Friday, May 06, 2022

Book Review: "The Engines of God" by Jack McDevitt

The Engines of God by Jack McDevitt (Ace, 1994)

I forget when and where I picked up this paperback, perhaps from a nearby Little Library in the neighborhood because it has a used book store price sticker on the back cover. The front cover was detaching slightly, so I repaired it using some packing tape. (DIY bookbinding for the win!) I imagine I picked it up because of the cover lines comparing it to Rendezvous with Rama and mentioning “artifacts of alien intelligence,” and the cover art depicting a relatively large sculpture of alien craftsmanship. (I would have preferred not having that image of one of the alien races so McDevitt’s writing was the only guide I had to imagine.) Arthur C. Clarke’s Rendezvous with Rama and its sequels written with Gentry Lee rank among my favorite books of all time, and I was intrigued by the potential of this novel. I was not disappointed.

The book, the first in McDevitt’s eight-book The Academy series, features a heroic pilot named Priscilla Hutchins, “Hutch,” as she helps a number of scientists explore and examine several alien archaeological digs on planets toward the Sagittarius Arm and galactic center, including Beta Pacifica III, Nok, Pinnacle, and Quraqua. Set at the turn of the 23rd century, life on Earth is increasingly challenging, and corporations are identifying and exploring other planets to terraform and populate with earthlings. Discovering not just alien sculptures and monuments, archaeologists also discover a temple, which contains artwork connecting the remains of two alien societies perhaps 20,000 years old—and what might be a key to their language and iconography.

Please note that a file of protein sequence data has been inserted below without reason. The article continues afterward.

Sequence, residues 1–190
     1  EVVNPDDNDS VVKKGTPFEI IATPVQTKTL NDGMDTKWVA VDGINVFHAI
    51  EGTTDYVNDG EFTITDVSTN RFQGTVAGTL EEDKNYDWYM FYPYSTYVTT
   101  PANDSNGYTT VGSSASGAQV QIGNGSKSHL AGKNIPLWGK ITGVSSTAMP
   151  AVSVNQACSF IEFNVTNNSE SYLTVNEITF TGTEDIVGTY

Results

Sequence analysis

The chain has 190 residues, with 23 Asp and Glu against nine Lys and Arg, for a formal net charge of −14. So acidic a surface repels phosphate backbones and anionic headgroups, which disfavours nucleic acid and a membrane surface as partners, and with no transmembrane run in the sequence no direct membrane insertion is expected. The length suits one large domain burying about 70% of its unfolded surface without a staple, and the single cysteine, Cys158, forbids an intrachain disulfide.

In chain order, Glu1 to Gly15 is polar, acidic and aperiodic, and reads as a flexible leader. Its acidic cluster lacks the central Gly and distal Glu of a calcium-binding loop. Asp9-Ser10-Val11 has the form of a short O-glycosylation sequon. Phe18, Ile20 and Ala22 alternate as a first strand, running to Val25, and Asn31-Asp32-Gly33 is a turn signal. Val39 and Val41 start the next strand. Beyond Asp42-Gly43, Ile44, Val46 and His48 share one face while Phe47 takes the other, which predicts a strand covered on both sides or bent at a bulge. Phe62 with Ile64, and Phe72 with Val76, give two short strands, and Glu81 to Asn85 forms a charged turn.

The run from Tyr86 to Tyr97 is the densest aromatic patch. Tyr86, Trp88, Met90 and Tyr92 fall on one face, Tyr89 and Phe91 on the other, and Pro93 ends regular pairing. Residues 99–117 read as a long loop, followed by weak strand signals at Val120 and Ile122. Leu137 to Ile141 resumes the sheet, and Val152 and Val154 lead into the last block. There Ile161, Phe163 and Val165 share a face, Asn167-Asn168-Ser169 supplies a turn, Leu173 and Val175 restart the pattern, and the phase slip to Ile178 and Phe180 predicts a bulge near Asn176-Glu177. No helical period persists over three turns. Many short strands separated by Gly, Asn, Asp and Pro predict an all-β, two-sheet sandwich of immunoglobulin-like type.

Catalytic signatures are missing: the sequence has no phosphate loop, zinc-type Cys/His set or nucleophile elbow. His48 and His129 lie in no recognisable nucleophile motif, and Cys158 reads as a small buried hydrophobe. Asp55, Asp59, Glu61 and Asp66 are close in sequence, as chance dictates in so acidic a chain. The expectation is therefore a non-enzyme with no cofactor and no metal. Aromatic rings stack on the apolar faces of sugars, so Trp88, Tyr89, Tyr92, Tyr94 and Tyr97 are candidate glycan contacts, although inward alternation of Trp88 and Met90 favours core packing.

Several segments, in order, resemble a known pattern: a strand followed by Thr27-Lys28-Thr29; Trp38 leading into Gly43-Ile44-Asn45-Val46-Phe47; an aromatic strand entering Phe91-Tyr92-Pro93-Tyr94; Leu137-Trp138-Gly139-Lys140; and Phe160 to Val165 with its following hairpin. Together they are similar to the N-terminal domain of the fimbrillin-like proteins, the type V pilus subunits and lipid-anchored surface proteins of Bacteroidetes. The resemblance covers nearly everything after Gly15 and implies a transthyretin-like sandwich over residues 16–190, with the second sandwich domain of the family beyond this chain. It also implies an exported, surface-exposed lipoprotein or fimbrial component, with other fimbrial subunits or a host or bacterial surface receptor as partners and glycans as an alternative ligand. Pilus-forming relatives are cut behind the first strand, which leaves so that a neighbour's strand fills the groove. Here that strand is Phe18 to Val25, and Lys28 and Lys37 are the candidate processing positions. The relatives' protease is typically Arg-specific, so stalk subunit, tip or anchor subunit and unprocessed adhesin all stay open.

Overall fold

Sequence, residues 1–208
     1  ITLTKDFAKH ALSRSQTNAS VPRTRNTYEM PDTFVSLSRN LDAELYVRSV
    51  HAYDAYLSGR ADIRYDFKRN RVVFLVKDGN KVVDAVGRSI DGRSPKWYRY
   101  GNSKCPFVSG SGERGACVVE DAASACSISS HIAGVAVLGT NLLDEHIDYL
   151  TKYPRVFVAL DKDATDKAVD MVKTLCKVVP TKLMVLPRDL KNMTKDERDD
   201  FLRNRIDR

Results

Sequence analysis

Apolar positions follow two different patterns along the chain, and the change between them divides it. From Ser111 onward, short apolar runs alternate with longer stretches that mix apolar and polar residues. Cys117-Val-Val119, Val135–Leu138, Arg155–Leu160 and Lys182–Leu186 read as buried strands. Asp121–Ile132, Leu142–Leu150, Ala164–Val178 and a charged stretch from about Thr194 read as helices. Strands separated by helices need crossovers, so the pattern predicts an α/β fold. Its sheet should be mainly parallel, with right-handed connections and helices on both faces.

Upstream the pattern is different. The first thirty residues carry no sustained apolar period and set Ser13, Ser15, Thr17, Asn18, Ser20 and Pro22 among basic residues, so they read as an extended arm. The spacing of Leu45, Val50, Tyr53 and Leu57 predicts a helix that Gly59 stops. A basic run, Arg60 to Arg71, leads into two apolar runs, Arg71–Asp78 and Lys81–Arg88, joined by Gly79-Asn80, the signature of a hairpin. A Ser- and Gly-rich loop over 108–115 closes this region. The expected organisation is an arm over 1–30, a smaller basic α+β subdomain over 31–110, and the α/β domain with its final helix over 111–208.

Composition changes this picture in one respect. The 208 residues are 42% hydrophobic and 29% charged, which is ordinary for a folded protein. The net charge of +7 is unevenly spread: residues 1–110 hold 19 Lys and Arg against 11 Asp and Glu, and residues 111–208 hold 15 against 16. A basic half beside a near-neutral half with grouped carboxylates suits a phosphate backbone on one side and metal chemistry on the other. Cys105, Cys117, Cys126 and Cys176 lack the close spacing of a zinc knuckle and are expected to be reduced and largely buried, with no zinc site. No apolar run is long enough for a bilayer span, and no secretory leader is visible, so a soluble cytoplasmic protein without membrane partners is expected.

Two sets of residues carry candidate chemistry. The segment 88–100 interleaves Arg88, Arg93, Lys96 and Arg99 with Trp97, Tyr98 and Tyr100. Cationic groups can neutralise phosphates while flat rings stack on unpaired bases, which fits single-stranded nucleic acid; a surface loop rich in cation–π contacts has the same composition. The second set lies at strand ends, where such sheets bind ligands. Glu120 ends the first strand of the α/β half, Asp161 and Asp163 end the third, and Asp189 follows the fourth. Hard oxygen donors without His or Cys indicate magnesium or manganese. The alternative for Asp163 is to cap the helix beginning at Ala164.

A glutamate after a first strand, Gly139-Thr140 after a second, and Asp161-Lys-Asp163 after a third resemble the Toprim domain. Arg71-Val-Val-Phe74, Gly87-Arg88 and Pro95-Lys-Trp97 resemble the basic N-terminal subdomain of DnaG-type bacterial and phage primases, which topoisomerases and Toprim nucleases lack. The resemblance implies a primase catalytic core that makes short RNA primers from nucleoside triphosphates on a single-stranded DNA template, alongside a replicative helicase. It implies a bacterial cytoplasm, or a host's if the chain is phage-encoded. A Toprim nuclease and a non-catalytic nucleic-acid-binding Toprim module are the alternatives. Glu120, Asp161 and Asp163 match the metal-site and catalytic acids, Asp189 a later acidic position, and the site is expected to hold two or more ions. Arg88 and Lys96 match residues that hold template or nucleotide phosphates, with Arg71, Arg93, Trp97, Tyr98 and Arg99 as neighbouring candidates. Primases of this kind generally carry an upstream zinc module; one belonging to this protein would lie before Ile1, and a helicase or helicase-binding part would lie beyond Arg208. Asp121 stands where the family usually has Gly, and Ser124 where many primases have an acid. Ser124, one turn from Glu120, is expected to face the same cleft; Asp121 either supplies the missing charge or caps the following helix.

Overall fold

Over the course of the book, Hutch and the scientists from the Academy learn more about the alien races and cultures—finding an enormous orbital satellite dish and strangely antique abandoned space station—and identify what might have caused the decline of the societies. The book ends with the suggestion that that catastrophe might eventually reach Earth, setting up the other books in the series intriguingly.

It’s a wonderful read. Hutch is a compelling heroine, and there are plenty of smart, heartful people trying to solve big problems using science and technology. The romantic interludes and suggested pairings are compelling. The light comedy and pranks are humorous. The corporate, political, and economic underpinnings of the setting are detailed. And the alien archaeology and artifact aspects—while not directly parallel to Rama (this book’s scope and aperture is slightly larger given that the aliens are somewhat humanoid)—are excellent and portrayed at scale.

Highly recommended. If the subsequent volumes are as good as this novel, an unexpected and enjoyable find, The Academy is a series and an organization worth following.

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